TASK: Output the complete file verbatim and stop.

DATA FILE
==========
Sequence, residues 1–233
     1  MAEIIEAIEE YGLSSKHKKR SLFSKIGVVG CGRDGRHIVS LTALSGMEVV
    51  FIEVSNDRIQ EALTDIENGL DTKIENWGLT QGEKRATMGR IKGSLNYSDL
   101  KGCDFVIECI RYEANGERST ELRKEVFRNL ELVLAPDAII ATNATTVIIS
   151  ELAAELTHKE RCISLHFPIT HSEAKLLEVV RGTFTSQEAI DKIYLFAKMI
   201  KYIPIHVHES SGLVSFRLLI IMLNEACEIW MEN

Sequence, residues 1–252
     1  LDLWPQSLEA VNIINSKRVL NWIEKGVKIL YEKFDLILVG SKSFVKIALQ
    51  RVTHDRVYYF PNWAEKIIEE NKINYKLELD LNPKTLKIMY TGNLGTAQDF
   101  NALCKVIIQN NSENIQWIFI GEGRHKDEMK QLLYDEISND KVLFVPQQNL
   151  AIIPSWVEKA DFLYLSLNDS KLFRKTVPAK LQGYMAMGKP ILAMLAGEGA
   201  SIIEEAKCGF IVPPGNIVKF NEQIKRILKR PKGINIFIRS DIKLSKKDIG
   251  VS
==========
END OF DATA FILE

Sequence, residues 1–233
     1  MAEIIEAIEE YGLSSKHKKR SLFSKIGVVG CGRDGRHIVS LTALSGMEVV
    51  FIEVSNDRIQ EALTDIENGL DTKIENWGLT QGEKRATMGR IKGSLNYSDL
   101  KGCDFVIECI RYEANGERST ELRKEVFRNL ELVLAPDAII ATNATTVIIS
   151  ELAAELTHKE RCISLHFPIT HSEAKLLEVV RGTFTSQEAI DKIYLFAKMI
   201  KYIPIHVHES SGLVSFRLLI IMLNEACEIW MEN

Sequence, residues 1–252
     1  LDLWPQSLEA VNIINSKRVL NWIEKGVKIL YEKFDLILVG SKSFVKIALQ
    51  RVTHDRVYYF PNWAEKIIEE NKINYKLELD LNPKTLKIMY TGNLGTAQDF
   101  NALCKVIIQN NSENIQWIFI GEGRHKDEMK QLLYDEISND KVLFVPQQNL
   151  AIIPSWVEKA DFLYLSLNDS KLFRKTVPAK LQGYMAMGKP ILAMLAGEGA
   201  SIIEEAKCGF IVPPGNIVKF NEQIKRILKR PKGINIFIRS DIKLSKKDIG
   251  VS